“I don’t go to church,” he said, “I went a couple times but never went back. It wasn’t for me.”

“Why not?” I asked.

“I looked around and there wasn’t anyone like me. Everyone was dressed so nicely. It seemed like these people were better than I me, and I guess they are. They don’t drink, do drugs, or curse, or gamble, or any of the stuff that I sometimes get into.”

This fellow had a rough life. Name a vice and he probably did it. He was married a couple times; but his lifestyle couldn’t support a marriage. He hadn’t seen his kids since they were babies.

“As much as I try,” he said, “I always fall back into these bad habits. I can’t seem to get my act together enough to get to church. I look at all those shiny, smiling faces, and I realize, I’ll never be as good as them.”

This fellow’s story just broke my heart. I tried to assure him that the church is a hospital for sinners not a hotel for saints. That if we check under the hood, we’ll find, in each one of us, our dirty little sins, sins that gnaw away, sins that we keep secret.

But he wouldn’t listen. I still don’t know if he’s ever found a church, a family of believers that see him as God sees him – shining like the sun; whole; beloved.

I couldn’t convince this fellow that the Christian life is not a life of moral perfection; it’s about handing over our lives to God, following Jesus in the way of the cross, and finding forgiveness, freedom, and new life along the way. Martin Luther once described the Christian life as “one beggar telling another beggar where to find bread.”

I think what Jesus saw in the gentile woman was an image of God. And that surprised him. Jesus saw how God is relentless in wanting God’s children and the world to be healed – healed of its brokenness, healed of its pain, healed of its sin.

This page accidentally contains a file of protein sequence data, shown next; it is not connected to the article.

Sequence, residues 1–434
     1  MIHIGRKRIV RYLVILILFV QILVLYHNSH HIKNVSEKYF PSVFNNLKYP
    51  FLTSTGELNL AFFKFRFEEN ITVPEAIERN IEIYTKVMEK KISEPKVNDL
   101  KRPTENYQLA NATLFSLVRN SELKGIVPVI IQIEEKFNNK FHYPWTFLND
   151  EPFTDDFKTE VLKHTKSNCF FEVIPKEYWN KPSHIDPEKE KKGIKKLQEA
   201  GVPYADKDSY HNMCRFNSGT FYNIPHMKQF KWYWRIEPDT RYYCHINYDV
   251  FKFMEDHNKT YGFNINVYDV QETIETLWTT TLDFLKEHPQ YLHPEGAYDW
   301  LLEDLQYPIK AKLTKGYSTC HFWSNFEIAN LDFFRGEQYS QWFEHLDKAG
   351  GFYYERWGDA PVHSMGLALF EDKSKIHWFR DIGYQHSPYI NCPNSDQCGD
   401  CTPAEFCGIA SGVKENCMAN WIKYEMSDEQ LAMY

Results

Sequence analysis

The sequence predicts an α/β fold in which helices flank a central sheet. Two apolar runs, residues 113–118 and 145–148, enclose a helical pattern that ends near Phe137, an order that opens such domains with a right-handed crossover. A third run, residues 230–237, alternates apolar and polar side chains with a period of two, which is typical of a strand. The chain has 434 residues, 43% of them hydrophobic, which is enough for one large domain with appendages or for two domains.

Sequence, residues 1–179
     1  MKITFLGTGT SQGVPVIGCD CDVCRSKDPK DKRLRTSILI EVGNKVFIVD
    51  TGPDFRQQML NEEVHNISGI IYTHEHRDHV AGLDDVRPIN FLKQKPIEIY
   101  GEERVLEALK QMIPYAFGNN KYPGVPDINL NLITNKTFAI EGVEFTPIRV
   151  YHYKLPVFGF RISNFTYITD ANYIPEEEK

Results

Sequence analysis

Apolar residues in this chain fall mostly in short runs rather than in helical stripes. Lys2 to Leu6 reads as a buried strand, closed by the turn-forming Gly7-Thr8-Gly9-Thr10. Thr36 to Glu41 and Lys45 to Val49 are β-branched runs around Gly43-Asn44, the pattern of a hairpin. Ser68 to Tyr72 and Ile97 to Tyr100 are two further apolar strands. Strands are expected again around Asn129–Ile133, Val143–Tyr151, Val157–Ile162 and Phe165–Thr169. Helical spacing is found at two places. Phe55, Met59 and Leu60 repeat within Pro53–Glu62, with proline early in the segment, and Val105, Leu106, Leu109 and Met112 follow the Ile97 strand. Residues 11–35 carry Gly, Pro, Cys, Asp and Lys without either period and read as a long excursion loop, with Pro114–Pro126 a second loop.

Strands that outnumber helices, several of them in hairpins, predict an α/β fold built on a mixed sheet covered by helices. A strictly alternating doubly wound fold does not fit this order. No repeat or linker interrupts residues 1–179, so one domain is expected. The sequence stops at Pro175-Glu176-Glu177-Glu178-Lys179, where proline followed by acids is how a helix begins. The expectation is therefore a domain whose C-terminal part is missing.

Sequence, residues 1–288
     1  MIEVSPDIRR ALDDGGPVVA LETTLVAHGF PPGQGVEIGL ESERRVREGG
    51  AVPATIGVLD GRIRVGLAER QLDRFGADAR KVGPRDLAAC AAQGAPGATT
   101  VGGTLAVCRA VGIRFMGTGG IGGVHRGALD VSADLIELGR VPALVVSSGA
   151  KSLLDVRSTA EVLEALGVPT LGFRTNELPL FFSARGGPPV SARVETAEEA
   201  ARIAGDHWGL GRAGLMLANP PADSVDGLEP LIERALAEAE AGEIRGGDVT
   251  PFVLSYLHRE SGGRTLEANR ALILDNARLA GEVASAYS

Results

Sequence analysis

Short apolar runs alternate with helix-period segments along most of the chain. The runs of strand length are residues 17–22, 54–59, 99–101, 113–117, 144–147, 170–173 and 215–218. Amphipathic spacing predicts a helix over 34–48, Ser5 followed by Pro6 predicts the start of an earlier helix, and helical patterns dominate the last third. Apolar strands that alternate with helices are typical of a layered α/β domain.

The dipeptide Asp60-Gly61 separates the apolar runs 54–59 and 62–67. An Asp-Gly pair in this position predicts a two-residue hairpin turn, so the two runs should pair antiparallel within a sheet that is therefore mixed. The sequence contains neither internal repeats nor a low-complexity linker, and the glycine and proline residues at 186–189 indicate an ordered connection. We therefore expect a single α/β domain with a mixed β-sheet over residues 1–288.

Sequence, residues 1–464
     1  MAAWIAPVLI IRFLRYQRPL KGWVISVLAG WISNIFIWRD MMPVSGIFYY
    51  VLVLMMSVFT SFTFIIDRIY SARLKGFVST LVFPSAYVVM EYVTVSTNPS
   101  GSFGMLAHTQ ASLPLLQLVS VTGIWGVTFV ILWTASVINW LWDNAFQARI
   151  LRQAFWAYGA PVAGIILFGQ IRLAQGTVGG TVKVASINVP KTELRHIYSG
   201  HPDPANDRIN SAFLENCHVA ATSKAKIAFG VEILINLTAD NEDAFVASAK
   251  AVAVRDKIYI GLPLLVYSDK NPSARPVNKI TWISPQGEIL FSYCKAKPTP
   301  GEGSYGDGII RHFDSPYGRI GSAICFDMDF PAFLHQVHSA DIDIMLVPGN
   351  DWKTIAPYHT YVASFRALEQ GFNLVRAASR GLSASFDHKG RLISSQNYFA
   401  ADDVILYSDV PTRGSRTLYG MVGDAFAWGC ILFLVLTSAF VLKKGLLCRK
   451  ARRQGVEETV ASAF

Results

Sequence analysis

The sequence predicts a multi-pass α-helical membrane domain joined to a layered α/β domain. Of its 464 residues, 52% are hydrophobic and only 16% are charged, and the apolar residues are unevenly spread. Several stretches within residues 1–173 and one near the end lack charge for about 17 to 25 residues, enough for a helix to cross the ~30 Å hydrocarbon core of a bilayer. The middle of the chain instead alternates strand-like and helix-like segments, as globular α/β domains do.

So maybe that’s when Jesus saw a broader mission, a mission to go beyond the borders of his own people. That’s when it dawned on him that he was the saviour of the WORLD, not just the messiah for the people of Israel.

Maybe the message for us is that God’s face can turn up anywhere. When we think we have God all figured out, God moves the lines. Maybe God is telling us to step out; take a risk, trespass an old boundary, push a limit; enter into a new relationship. Maybe God is saying that we have nothing to lose but the life the way it’s always been, and there is a lot more where that came from. And if you get scared, which you will, or even mad, just remember today’s story. With Jesus as our model – and our Lord – we are called to step over the lines, not because we have to, not because we ought to, or even because we want to, but because it is God’s own self waiting for us on the other side. (paraphrase of BBT, Crossing the Line)

May this be so among us. Amen.

1 Comments: